The Red Queen effect: in evolution as a species evolves the species it
is in competition with also evolves to keep up with each improvement
it makes. Also called evolutionary arms races.
The name comes from the animated Red Queen chess piece in Lewis Carroll's "Alice Through the Looking Glass". The Queen is forced to run continually but never moves because everything else in the landscape is also running and so keeps pace with her.
Ridley argues the main race is not between animals and there predators (eg rabbits and foxes) but between species and their parasites particularly bacteria and virus diseases. The other great race is between individuals within the same species.
The first part of the book deals with why sex exists, why it evolved (or failed to evolve out of existence), why there are two sexes and why these give two genders. (This is interesting but I'm not sure I was convinced on a first reading).
The second deals with the evolution of human intelligence over the last million years. If I have understood correctly, the book argues that intelligence evolved in humans primarily due to mate selection, rather than the need to outwit animals. Ie competition for mates between men and between women. In many animals mate selection strongly drives the species to evolve in a particular direction. Ridley deals with the classic example, the Peacock's tail and many other examples.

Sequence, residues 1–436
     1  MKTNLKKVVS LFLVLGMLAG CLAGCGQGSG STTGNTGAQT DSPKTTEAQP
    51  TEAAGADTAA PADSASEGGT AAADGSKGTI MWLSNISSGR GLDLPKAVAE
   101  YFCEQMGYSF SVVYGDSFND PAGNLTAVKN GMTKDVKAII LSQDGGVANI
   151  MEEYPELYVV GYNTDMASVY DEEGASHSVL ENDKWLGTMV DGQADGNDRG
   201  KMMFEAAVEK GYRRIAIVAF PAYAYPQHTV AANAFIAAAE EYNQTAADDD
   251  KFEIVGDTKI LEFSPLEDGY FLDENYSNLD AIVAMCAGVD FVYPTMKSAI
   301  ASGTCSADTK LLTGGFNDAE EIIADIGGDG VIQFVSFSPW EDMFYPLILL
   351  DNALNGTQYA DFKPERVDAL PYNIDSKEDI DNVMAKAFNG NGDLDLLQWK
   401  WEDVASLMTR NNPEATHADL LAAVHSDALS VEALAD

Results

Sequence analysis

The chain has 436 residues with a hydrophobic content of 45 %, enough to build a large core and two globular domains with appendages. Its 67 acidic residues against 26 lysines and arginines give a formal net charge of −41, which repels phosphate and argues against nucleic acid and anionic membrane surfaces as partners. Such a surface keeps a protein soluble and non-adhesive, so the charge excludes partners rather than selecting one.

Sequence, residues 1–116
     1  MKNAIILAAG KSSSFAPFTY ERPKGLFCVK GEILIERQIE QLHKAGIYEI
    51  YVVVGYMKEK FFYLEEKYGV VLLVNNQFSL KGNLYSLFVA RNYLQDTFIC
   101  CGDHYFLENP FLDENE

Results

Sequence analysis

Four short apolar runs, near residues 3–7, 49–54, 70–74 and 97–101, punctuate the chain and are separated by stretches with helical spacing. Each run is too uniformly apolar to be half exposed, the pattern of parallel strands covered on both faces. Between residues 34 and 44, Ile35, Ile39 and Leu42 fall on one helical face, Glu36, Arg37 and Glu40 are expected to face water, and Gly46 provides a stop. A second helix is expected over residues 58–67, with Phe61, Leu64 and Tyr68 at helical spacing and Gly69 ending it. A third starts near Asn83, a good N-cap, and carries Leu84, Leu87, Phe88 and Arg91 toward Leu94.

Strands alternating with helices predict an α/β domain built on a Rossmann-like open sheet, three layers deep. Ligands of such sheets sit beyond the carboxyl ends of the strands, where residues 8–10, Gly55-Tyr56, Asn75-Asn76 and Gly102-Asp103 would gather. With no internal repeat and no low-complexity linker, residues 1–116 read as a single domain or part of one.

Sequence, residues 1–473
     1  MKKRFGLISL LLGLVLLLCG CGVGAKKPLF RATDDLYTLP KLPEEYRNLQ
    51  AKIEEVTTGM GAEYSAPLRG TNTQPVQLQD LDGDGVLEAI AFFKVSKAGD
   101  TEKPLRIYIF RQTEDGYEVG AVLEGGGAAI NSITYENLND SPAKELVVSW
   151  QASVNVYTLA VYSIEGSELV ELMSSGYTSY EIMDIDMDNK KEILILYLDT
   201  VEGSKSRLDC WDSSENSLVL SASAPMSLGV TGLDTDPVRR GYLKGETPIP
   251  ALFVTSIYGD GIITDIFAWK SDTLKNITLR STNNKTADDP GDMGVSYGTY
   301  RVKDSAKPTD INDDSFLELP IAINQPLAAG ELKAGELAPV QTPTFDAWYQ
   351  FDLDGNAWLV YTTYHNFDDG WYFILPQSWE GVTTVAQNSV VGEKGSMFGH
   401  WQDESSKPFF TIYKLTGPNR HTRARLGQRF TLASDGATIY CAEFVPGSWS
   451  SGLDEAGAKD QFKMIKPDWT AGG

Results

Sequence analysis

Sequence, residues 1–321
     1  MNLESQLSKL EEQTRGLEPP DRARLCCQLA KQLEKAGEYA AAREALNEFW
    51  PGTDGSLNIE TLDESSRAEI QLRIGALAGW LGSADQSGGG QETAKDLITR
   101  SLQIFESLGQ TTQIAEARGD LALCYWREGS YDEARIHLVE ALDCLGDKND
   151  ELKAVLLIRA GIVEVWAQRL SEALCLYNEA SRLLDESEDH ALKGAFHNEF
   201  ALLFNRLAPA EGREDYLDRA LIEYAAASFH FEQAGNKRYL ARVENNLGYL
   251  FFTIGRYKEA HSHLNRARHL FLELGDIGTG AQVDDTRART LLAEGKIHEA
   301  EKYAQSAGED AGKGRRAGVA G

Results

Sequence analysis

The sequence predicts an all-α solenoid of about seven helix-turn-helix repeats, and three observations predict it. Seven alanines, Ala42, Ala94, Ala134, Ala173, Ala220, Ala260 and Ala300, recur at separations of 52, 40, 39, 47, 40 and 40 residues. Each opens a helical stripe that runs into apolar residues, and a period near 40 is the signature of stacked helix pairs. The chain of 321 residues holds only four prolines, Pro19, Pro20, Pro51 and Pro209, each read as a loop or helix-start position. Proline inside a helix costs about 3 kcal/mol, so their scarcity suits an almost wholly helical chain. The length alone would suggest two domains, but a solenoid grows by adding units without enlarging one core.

When asked what people look for in ideal mates the common answers are women look for witty men and men look for beautiful (and young) women. Ridley argues that female homid apes with large heads and other features resemble young female apes and so (other things being equal) would be more likely to attract good mates. Thus there is an evolutionary force based on male mate selection which drove early homid apes to become more human (bigger heads etc). Also there is was a complementary mate selection from females who preferred clever men (ie who used the bigger brains inherited from their mothers).
1993, Penguin Books ISBN 0140167722
W.B.Langdon 23 March 2001 (last update 25 Apr 2009)